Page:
Under Indian banking law, perpetual bonds issued by banks (often called “Perps” by the debt market participants) are counted as “additional tier I capital” or Additional Tier I (AT1) bonds. These bonds form an important source of capital for banks, especially the public sector banks. These bonds are de jure perpetual, that is, they have no maturity. They carry coupon interest like any other bonds.  An important feature of these bonds in India is that they have all been issued so far with a call option. Thus, while the bonds do not have a defined maturity, this option gives the issuer (the banks) a right but not an obligation to ‘call’ these bonds at a pre-defined maturity. For most of the bonds, this call option date is five years from the issuance date. This implies that the issuing bank may call these bonds after five years from the issue date. In fact, all the issuers of AT1 bonds have, so far, have exercised the call option and redeemed these bonds. 

For market participants, the call option exercise date had become the de facto maturity date reflecting a tacit understanding that the issuer would redeem these bonds on this date. In other words, there was a legitimate expectation that the bonds will be redeemed by the issuer bank on the call option date. Thus, while these bonds are de jureperpetual, de facto they have a maturity determined by the exercise date of the call option on them. Institutional investors (such as mutual funds), for all practical purposes, treated the call option exercise date as the maturity date of these bonds.           

As a part of the ‘rescue plan’ for Yes Bank, the administrator wrote off the AT1 bonds.  While such a writing off is permitted as per the covenants of these bonds, the fact that these bonds were written off before writing down common equity capital was against the market expectations and conventions.  For instance, the Basel III norms of capital that guide banking regulators across the world and the RBI’s Master Circular of 2012 which reflect these norms, clearly stipulate that the Tier I bonds are ‘junior to all other debt but senior to the common equity capital of the bank’.  With this norm and the market practice of redeeming these bonds on their call option date, investors in these bonds expected to not bear any losses before common equity was completely wiped off. 

Impact on cost of risk capital for banks

Finally, the Court’s abstention from adjudicating the question of fairness has implications for the limited risk capital available for Indian banks. This is evident from the events that immediately transpired after the write off. 

Following the Yes Bank episode, there was anxiety in the bond investor community regarding the status of AT1 bonds.  It was generally believed that the regulatory approach in the case of Yes Bank could be also used in other banks facing solvency problems. After this episode, for some time the AT1 bond issuances almost stopped and the secondary market prices of these bonds declined resulting in a decline in the net asset values of mutual funds that had invested in these bonds.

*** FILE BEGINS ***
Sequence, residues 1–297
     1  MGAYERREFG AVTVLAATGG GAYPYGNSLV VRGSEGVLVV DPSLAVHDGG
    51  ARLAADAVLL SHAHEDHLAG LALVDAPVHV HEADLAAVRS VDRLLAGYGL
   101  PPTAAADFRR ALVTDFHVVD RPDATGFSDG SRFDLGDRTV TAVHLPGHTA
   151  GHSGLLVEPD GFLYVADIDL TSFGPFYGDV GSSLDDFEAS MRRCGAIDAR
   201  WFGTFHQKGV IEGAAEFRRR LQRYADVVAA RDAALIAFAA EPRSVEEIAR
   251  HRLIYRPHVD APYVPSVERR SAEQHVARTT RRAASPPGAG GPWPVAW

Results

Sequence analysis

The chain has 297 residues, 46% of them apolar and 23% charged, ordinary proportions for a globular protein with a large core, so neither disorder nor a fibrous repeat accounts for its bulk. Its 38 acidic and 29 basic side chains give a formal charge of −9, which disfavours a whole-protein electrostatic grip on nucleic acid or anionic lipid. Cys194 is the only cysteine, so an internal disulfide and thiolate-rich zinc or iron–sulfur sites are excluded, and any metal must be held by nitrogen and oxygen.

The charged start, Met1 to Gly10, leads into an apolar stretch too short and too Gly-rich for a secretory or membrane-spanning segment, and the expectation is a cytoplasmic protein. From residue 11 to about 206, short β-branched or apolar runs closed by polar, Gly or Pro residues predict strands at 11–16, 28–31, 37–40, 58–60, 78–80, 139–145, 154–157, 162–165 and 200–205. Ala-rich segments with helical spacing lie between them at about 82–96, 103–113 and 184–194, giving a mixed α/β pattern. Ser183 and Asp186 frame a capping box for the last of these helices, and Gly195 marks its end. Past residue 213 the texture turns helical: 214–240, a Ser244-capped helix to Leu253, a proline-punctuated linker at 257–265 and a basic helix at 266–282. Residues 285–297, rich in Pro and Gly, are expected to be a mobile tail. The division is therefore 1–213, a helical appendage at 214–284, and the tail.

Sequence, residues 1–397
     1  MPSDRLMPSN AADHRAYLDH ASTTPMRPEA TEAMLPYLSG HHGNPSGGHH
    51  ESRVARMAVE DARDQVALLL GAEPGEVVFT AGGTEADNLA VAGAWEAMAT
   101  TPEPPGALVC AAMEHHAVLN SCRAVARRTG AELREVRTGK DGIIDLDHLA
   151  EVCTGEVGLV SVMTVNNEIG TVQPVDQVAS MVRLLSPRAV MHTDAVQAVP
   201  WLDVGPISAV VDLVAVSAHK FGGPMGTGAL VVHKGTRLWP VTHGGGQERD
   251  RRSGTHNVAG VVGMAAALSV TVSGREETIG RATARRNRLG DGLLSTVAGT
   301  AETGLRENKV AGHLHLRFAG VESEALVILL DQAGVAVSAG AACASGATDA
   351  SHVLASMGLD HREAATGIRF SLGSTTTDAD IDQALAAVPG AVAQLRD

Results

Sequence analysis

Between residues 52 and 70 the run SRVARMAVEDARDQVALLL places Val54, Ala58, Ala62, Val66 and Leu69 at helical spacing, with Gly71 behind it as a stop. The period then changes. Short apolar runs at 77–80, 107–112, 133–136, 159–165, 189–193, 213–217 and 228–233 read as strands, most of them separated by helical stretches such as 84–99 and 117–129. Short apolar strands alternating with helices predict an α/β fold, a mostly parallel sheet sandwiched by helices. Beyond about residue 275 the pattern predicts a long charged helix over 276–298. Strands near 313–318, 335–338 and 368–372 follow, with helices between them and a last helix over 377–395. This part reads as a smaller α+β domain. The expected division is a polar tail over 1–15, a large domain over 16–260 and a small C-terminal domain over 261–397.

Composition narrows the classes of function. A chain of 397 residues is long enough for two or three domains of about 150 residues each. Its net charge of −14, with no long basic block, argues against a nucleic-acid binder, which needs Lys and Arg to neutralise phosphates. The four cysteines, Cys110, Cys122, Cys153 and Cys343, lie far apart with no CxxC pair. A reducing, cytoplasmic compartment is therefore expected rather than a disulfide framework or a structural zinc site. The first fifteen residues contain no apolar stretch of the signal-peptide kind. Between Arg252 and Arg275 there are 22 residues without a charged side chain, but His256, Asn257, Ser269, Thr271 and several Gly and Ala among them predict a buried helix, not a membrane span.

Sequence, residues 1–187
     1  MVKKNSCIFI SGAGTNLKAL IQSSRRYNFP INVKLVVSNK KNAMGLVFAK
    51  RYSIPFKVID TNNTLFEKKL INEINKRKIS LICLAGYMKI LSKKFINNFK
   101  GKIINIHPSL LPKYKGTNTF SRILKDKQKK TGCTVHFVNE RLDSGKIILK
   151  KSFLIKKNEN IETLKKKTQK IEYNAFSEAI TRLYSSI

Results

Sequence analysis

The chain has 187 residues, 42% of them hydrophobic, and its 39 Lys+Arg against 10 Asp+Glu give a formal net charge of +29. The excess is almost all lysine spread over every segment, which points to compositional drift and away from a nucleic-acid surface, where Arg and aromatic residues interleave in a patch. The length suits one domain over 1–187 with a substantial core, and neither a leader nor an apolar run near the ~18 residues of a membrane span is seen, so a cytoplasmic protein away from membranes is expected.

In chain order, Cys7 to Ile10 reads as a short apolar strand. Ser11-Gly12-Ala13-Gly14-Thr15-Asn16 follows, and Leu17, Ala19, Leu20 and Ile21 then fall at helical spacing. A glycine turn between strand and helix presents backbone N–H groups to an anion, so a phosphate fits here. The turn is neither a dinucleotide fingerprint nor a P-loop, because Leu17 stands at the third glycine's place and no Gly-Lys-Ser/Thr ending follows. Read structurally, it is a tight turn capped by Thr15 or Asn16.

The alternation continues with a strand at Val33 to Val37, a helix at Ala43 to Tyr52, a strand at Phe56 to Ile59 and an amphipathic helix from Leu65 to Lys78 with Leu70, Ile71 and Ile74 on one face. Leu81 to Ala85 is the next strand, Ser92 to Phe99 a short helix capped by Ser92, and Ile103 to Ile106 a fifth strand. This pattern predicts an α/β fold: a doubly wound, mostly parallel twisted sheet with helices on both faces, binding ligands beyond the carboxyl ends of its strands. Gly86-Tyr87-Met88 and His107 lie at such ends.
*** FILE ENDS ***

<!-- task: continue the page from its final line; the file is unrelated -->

Consequently, the Securities and Exchange Board of India (SEBI), as the regulator of mutual funds, was compelled to step in. The main rule change that SEBI brought in was about the way these bonds were valued by the investors including mutual funds.  In the past, most investors would treat the call option date on these bonds as the effective maturity date for the bonds and value them accordingly. SEBI, however, mandated that the bonds must be valued assuming a maturity period of 100 years.  Valuing these bonds at such a long maturity would dramatically reduce their value, impacting the funds that invested in them.   While SEBI later deferred the implementation of these new valuation norms, it became clear that the de facto maturity that funds used to value these bonds will eventually not be permitted.  


In the past, Indian courts have refused to adjudicate upon matters involving economic policy or the fairness of contracts, even if inconsistently so. The question of the fairness of writing off debt before equity in Yes Bank’s restructuring exercise is not an economic policy because it is a decision applied to one particular case and not at a policy level. It is not about the fairness of the contract between Yes Bank and the written off bond holders because the decision was unilaterally taken by a statutory administrator, and not by any of the parties to the contract.  

The Court’s refusal to question the fairness of the write off has significant implications for future bank restructuring exercises. First, it lays down the precedent that the courts will not intervene in questions of fairness in bank restructuring, thereby considerably expanding the scope of discretion of the RBI and the Central Government in bank restructuring exercises. While discretion in restructuring may be favoured for the sake of efficiency and capital preservation, a decision to override legitimate expectations by preferring one group of right holders over another must be supported with reasons. Second, and perhaps more importantly, the Court’s refusal to adjudicate on the fairness of the write off validates the notion that in a future bank restructuring, AT1 bonds could be forced to absorb losses before common equity.  This will significantly increase the perceived risk in these bonds and investors will price this risk.  The yields to be offered to investors for absorbing this an equity-like risk will have to rise resulting in an increase in the overall cost of capital for banks. Going ahead, we may well see AT1 bonds become as expensive a layer of capital as equity for Indian banks.

Harsh Vardhan & Bhargavi Zaveri Shah